UPDATE 1-Alberta mulls tougher carbon rules on oil -report

Thu Apr 4, 2013 2:22pm EDT

* Report says levy could rise to C$40/tonne from C$15

* Minister looking a range of options to meet targets

* Analyst calls amount "not inconsequential"

By Jeffrey Jones

CALGARY, Alberta, April 4 (Reuters) - Alberta is considering a major increase in the carbon levy it charges oil producers as it seeks to show Washington that it is serious about meeting emission-reduction goals, while promoting the contentious Keystone XL pipeline to Texas refineries.

Alberta Environment Minister Diana McQueen offered the levy proposal at a meeting in Calgary last week with oil executives and federal Environment Minister Peter Kent, the Globe and Mail newspaper said on Thursday.

Such a move would be in line with comments that the Canadian province's envoy to Washington made in a February interview with Reuters. David Manning said Alberta may adopt more stringent environmental policies to help producers in the oil sands increase access to lucrative markets such as the U.S. Gulf Coast.

In the subsequent weeks, the government brushed aside media queries about what new moves were under consideration.

Wayne Wood, McQueen's spokesman, did not dispute that the minister had floated the idea of a higher carbon levy, but would not comment on the details and said no decision had been made.

"The minister is looking at any number of options, and it's really premature to speculate on any kind of option that might be settled on," Wood said.

The Globe and Mail said McQueen proposed an increase in that levy to C$40 a tonne, as well as a requirement to cut per-barrel emissions by 40 percent over time.

Alberta currently charges C$15 per tonne for carbon emissions above limits and puts the money into a technology fund. The program has generated C$312 million, though environmental groups have said the levy is far too small.

ALBERTA WANTS PIPELINE

Speculation on new moves by Alberta to improve its record on meeting emission reduction targets has increased since U.S. President Barack Obama named John Kerry, seen as a supporter of tougher climate policy, as secretary of state.

His department is responsible for ruling on TransCanada Corp's 830,000 barrel-a-day Keystone XL pipeline from the oil sands to the Gulf Coast, which has been under regulatory review for more than four years.

Keystone XL has met with staunch opposition from U.S. environmentalists, who say it will encourage more carbon-intensive production in Alberta's vast oil sands, the world's third largest crude deposit, at a time when Americans should be making a wholesale shift to green energy.

The government of Alberta has faced big problems in recent months as a shortage of spare export pipeline capacity has pressured prices for the bitumen produced from its oil sands, lowering the revenue take, and as the Obama administration has pushed back a decision on whether to approve the $5.3 billion pipeline. It is now expected to rule during the summer.

Alberta Premier Alison Redford is set to visit Washington next week for the fourth time in 18 months to press U.S. lawmakers to support Keystone XL. Last month, a State Department environmental assessment concluded that the project in itself would not drive a major increase in greenhouse gas emissions.

HIGHER LEVY "NOT INCONSEQUENTIAL"

In a note to clients, TD Securities analyst Menno Hulshof estimated that such new regulations would add less than $2 per barrel to the cost of producing a barrel of oil sands-derived crude, an amount he called "not inconsequential".

The Canadian Association of Petroleum Producers, the industry's main lobby group, declined to comment.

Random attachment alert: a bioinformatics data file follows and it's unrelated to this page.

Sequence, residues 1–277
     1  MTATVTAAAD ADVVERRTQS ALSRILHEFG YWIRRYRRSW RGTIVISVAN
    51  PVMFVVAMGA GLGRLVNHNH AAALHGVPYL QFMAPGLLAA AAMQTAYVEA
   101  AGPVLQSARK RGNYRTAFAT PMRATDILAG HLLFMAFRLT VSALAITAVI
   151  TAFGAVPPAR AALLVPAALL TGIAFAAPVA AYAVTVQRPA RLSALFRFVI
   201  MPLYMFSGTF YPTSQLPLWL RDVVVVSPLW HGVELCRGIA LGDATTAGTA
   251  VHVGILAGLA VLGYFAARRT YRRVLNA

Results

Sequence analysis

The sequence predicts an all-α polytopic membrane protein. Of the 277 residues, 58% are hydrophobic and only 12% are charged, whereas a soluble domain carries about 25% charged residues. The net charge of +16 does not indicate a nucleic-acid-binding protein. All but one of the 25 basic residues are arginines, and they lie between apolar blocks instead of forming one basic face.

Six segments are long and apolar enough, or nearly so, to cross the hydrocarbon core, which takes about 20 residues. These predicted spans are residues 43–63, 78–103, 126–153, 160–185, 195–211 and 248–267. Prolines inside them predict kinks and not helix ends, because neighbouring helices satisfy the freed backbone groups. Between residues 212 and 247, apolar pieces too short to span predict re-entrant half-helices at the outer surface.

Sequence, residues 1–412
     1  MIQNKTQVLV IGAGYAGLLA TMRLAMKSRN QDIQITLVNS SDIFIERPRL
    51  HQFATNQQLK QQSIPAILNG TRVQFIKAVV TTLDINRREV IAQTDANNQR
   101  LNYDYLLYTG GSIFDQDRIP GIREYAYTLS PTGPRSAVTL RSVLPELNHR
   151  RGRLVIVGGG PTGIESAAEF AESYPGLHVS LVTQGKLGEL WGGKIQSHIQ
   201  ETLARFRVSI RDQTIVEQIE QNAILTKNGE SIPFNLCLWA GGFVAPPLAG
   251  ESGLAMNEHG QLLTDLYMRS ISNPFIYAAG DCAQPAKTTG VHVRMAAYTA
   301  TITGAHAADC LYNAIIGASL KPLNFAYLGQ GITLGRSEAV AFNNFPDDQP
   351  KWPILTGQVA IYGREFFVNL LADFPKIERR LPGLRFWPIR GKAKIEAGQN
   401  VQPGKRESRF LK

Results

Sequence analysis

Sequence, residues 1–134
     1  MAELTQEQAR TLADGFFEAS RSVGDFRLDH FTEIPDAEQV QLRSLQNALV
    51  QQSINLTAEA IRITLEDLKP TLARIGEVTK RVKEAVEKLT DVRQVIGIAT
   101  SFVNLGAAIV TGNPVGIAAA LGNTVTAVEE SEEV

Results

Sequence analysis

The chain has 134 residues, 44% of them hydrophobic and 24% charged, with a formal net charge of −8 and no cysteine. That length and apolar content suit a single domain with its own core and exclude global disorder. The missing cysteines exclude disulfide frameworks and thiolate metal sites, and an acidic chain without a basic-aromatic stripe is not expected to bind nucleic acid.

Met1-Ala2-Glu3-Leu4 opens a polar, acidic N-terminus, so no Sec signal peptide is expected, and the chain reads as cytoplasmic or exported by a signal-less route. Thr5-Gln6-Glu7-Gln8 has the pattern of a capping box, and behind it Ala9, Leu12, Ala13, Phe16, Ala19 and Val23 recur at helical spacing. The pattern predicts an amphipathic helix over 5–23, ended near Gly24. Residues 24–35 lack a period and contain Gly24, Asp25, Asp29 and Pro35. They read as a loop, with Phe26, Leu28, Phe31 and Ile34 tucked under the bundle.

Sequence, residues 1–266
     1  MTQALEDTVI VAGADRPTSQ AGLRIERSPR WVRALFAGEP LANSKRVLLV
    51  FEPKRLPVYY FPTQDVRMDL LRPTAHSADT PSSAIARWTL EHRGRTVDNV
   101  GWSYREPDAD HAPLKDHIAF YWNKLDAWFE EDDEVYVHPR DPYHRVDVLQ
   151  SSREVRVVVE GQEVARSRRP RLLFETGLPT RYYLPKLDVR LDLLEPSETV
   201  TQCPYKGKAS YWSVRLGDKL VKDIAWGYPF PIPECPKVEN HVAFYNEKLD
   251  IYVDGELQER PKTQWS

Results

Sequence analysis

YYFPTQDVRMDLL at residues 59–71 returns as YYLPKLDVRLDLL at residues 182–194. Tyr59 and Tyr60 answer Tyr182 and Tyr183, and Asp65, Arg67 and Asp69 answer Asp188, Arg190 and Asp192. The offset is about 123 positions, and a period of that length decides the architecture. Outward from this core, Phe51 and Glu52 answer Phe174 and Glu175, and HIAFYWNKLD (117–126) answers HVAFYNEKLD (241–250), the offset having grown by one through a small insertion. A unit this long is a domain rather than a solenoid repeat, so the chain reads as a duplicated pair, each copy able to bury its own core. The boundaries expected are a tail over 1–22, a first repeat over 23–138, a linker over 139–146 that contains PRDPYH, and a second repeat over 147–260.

Cenovus Energy Inc, one of the largest oil sands producers, said a hike would not be surprising, given that the initial program was seen as a first step. Executives have run the numbers on its business model assuming both a C$15 and a C$65 per tonne payment, Cenovus spokesman Brett Harris said.

"Every company is different, but for our business we think we're pretty well positioned to compete at either of those levels," Harris said.

Kent is also expected to announce long-anticipated new federal emission rules for oil and gas at some point. His spokesman declined to comment on McQueen's remarks.

Wood said Alberta is looking at a range of options to meet carbon reduction targets as part of a review that began earlier this year. He had no timing for the results of the review.

Keystone XL opponent Danielle Droitsch, a director at the Natural Resources Defense Council in Washington, said Alberta's proposal was lacking, as C$100 to C$150 a tonne would be needed to make a serious dent in emissions.

We welcome comments that advance the story through relevant opinion, anecdotes, links and data. If you see a comment that you believe is irrelevant or inappropriate, you can flag it to our editors by using the report abuse links. Views expressed in the comments do not represent those of Reuters. For more information on our comment policy, see http://blogs.reuters.com/fulldisclosure/2010/09/27/toward-a-more-thoughtful-conversation-on-stories/
Comments (4)
TomHarrisICSC wrote:
It is bad enough that the Alberta government misleads its public about the supposedly settled science of climate change. But in mid-March, they took the same flawed message to the United States in one of the worst public relations mistakes of all time: supporting the climate scare in America’s premier newspaper, the New York Times.

When Alberta Premier Alison Redford travels to Washington D.C. next week to lobby for the Keystone XL Pipeline, she must say nothing that would support the controversial idea that humanity’s carbon dioxide (CO2) emissions are causing dangerous climate change. After all, the ultimate aim of climate activists is to end our use of fossil fuels. Why would a province that derives most of its income from those resources support a movement that is trying to kill the market for the same resources?

Redford should prepare for the upcoming meetings by reviewing the strategic mistakes in the advertisement her government took out in the Times on March 17, 2013. Here is what happened:

On March 10, the New York Times editorial staff came out firmly against the Keystone XL pipeline. Their main argument was that the project would encourage expansion of Canada’s oil sands, thereby enhancing dangerous man-made climate change.